letters or the equivalent’ and before that Q403 (on whether the job
                   requires keyboard skills). It is also apparent that a Yes answer will
                   deliver up to level 5, but a No will restrict the job to level 2.

      Step 3:      Check the question pathway on the elimination chart to confirm the
                   possible outcomes.

      Step 4:      If the query is still not resolved, check the paper-based version of
                   the scheme. It is clear from this that data input jobs should come out
                   at level 4. From the previous investigations it is obvious that the
                   answer to Q425 must be Yes.

      Step 5:      Amend or add new local help-text for Q425, to the effect that those
                   using keyboard skills for their main job duties e.g. data input, word
                   processing should answer Yes to this question.

5.    Resolving Queries of Apparent Inconsistencies of Outcome
      Between the Gauge and Paper-Based Versions of the Scheme
5.1   Where paper-based and Gauge versions of the scheme appear to be giving
      different outcomes, these should be investigated and resolved.

      Example Query: We are getting different outcomes on our paper-based and
      Gauge outcomes under the Mental Demands factor with jobs generally
      scoring higher on the paper-based evaluations than on Gauge. Why is this?

      Step 1:      Check the Gauge questions and help-screens, noting that the
                   questions ask ‘Typically, for how long at any one time does this


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TECH NOTE 6                                                              APRIL 2005


                  level of attention have to be applied? Compare this with paper-
                  based rationales and questionnaires to see whether periods of
                  attention have been cumulated to give longer periods of time.

      Step 2:     If Yes, agree whether periods of time should be cumulated or not
                  and then apply this consistently by adding paper-based local
                  conventions or Gauge local help-texts as appropriate.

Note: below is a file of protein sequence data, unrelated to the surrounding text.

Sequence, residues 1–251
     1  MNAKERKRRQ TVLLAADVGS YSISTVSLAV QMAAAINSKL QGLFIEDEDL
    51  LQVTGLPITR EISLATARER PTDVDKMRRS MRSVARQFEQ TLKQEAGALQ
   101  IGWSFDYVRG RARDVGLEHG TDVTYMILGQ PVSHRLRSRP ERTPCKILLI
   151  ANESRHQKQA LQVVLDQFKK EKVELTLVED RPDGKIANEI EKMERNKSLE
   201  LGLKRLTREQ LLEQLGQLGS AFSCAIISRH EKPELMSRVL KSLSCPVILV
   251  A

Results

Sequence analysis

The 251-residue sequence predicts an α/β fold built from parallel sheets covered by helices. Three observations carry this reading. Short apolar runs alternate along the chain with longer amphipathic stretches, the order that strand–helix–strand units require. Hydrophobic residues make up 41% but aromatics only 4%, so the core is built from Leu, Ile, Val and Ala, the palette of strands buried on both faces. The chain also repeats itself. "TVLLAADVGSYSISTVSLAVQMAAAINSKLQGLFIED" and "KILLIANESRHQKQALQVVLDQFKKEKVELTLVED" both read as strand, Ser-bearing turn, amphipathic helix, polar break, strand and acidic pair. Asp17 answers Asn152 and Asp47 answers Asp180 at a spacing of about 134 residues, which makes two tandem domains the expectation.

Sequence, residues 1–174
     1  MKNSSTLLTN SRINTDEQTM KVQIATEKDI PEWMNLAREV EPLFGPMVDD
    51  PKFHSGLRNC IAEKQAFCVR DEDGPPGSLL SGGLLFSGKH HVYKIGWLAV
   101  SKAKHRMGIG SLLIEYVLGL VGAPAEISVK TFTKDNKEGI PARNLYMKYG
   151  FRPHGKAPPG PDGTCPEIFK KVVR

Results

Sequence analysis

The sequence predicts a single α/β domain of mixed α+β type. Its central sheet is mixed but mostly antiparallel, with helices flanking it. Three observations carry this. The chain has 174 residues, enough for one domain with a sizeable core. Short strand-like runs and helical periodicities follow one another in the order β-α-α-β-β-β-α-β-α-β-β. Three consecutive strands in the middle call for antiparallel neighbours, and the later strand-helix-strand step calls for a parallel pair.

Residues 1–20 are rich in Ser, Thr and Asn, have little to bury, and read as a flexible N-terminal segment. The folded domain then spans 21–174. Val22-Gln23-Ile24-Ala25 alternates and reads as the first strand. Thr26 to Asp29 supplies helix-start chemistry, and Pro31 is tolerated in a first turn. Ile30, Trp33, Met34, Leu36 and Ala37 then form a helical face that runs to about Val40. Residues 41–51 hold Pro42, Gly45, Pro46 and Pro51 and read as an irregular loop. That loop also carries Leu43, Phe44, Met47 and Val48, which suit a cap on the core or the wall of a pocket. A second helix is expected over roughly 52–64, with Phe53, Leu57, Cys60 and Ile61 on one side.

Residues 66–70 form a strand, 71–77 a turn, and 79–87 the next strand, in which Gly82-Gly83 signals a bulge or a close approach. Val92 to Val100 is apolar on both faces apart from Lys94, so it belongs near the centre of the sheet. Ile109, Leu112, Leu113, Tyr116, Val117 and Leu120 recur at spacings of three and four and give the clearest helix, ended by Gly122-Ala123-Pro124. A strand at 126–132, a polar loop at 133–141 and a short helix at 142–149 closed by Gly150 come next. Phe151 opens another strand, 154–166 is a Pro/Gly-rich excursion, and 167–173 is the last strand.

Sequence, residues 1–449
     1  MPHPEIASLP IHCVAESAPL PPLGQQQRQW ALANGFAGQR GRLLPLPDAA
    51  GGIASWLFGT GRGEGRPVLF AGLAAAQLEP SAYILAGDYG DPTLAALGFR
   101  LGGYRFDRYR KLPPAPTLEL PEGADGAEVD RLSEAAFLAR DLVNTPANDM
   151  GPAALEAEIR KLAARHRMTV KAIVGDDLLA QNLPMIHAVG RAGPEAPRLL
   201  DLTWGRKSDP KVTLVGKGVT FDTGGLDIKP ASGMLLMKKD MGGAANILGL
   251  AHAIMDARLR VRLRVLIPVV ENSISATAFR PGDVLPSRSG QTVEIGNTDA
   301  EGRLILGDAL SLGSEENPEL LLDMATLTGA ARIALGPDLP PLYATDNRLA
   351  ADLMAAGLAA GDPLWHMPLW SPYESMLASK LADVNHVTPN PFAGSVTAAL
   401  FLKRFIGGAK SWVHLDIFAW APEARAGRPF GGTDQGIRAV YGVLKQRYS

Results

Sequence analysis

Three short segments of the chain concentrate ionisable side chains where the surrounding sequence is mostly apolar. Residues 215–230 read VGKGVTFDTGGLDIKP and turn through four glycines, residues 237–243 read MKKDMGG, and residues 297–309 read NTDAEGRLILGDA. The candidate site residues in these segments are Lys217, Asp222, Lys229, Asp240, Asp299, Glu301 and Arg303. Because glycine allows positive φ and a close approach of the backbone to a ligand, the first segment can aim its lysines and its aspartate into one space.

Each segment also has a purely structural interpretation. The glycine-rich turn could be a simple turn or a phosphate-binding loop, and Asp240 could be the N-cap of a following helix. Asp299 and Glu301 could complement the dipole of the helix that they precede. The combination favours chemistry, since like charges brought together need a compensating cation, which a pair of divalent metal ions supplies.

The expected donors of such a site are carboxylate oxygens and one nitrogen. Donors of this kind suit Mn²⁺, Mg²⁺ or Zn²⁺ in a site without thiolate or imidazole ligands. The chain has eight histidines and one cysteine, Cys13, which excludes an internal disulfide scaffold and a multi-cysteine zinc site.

Step 3:     If No, check all other aspects of the criteria, for example, are the
                  different levels of attention being applied in the same way? If not,
                  which is the agreed preferred intepretation, then apply to both
                  paper-based and Gauge evaluations.

6.    Resolving Apparent Problems with the Gauge System
6.1   There should be no apparent problems with the Gauge System that cannot be
      resolved by appropriate local help-screens.

      Example Query: The Knowledge Factor Levels 6, 7 and 8 were used for a
      number of jobs in our paper-based benchmark pilot exercise, but our Gauge
      pilot has no jobs higher than level 6 and only a few at this level. How can we
      resolve this?

      Step 1:     Check the paper-based evaluations. Are the evaluators satisfied
                  that these are correct? If No, re-visit these evaluations. If Yes,
                  review the relevant Gauge question traces

      Step 2:     Work through the Gauge question trace for the jobs under
                  consideration to identify where the issue arises. This is likely to be
                  at Q118, Is this level of theoretical knowledge required across a
                  whole specialist area? The national help-screen then gives
                  examples of ‘whole specialist areas’ e.g. social work, local
                  government finance, law; and specific specialist areas e.g. child
                  protection within social work, conveyancing within law.

                  The national help-text then goes on to explain that where a job
                  covers a specific specialist area but requires advanced theoretical
                  knowledge across the whole area as background for decision
                  making, this may justify a Yes answer.

      Step 3:      If the jobs under consideration have No answers to this question,
                  then it could be appropriate to introduce a local help-screen to the
                  effect that those working in the specific area but requiring to be
                  professionally qualified across the whole specialist area should
                  answer Yes to this question, so that for example a conveyancing job
                  requiring only conveyancing training and knowledge would then


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TECH NOTE 6                                                               APRIL 2005


                   answer No, but a job leading the conveyancing team and requiring
                   full legal training and qualifications should answer Yes.

7.    Summary
7.1   As with all JE schemes, it is the consistent application of the rules and
      conventions of the scheme within the organisation that is paramount. There will
      be minor differences between Authorities in the ways in which each authority
      interprets and applies the NJC JES scheme (using either the paper-based or the
      Gauge version). This does not matter as long as each authority is consistent
      within itself and maintains the criteria set out in paragraph 2.3 above.

8.    Further Information
8.1   If the above strategies do not resolve queries of interpretation, then there are
      further sources of advice:

          NJC Associate Consultants
          Employers Organisation
          Pilat Help-desk (for software queries only)

8.2   All experience is that serious queries of interpretation are best resolved at an
      early stage of the exercise, if they are not to lead to major problems, delays and
      need for re-working of evaluations at a later date.